We may start defining what is Inclusive Education. Inclusive Education is about disabled children going to school with non-disabled peers, regardless of their gender, ethnicity or social class. The key thing is about people who are disabled with different sorts of impairment, such as sensory, physical, or intellectual.
The first principle is that inclusion is about creating schools and classes where all children are welcome.
The second principle is that you create a can-do culture rather than a can’t-do culture where you identify the barriers and find solutions.
The third principle is that what is taught it taught in a flexible way so that all children learn something from what is taught. Doesn’t mean we all learn the same thing at the same time and that is, of course, a major problem in today’s over-tested classrooms and schools.
There is no proof that this is the best way to educate. There is a lot of evidence that starting from where the child is and taking their thinking forward in a whole number of different ways is the best way for them to learn, not drilling children and rote learning.
So, also for inclusion then we need a curriculum which is flexible and differentiated. We also need all the adults in the school to work together so it is about a collaborative endeavor rather than competition between the staff and the pupils and this is one of the great skills that we need to solve all problems that we are coming up in the environment.
The fourth principle is to see that everybody has something to offer and it’s about finding how that is and most importantly it is about educating the adults, particularly the teachers and the principals and head teachers, to be able to identify and find the way to achieve this. And this requires more training and more time. The more adults working in teams together, the more you bring a team around the child to support the children’s learning. It’s very importantly recognizing that the biggest learning aid in any classroom is the other students and pupils and developing peer support, peer tutoring, and collaborative learning.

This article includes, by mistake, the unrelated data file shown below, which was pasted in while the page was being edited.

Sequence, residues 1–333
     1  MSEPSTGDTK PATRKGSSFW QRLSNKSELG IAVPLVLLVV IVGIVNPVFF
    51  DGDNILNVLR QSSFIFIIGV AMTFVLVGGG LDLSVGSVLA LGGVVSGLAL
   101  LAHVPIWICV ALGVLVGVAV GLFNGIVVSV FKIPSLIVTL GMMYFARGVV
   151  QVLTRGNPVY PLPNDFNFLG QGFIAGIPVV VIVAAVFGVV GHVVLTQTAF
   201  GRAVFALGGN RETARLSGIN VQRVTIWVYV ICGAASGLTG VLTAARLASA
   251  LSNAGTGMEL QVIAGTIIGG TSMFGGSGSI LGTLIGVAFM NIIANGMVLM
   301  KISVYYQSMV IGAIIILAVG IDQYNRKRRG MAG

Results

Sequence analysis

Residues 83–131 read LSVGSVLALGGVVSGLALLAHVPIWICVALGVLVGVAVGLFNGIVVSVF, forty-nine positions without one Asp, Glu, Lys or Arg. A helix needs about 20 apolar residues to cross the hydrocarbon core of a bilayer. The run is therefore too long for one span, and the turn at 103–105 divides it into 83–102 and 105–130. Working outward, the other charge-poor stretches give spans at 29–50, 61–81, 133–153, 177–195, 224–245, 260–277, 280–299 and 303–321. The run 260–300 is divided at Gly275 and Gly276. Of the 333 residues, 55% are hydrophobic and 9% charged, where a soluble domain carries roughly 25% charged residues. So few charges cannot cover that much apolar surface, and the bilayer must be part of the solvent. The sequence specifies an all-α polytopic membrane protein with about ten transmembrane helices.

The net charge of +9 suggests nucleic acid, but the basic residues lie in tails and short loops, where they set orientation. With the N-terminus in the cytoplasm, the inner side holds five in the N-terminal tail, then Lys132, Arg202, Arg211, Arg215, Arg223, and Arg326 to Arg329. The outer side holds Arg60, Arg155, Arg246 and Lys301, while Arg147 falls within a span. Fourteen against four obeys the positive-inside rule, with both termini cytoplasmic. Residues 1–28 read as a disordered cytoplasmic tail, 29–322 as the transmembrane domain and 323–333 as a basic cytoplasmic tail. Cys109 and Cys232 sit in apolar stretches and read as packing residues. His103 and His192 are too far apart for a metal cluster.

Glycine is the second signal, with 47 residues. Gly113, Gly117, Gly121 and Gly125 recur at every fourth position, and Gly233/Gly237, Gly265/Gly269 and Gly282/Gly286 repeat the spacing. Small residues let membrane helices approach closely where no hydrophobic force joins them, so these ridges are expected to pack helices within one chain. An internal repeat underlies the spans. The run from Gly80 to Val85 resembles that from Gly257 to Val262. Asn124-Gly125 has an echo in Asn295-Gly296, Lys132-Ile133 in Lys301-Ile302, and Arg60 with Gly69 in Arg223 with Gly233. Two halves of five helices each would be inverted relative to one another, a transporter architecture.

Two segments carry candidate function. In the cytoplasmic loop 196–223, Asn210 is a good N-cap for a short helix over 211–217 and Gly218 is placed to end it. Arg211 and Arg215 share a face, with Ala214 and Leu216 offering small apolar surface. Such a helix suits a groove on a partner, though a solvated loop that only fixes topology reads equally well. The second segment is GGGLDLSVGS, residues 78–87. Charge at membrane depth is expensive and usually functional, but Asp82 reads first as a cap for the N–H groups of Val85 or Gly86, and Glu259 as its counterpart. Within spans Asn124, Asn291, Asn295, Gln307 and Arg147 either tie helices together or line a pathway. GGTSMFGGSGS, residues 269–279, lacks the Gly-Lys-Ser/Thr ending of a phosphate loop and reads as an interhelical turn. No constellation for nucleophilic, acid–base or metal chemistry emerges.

These principles are working in many different settings both in the developed world and the less developed world and are the key to start inclusive education. Of course, there are many barriers, from governments who are obsessed with international league tables to buildings that are not accessible enough.
So, the principle of inclusion for all is fairly simple, achieving it is actually quite difficult.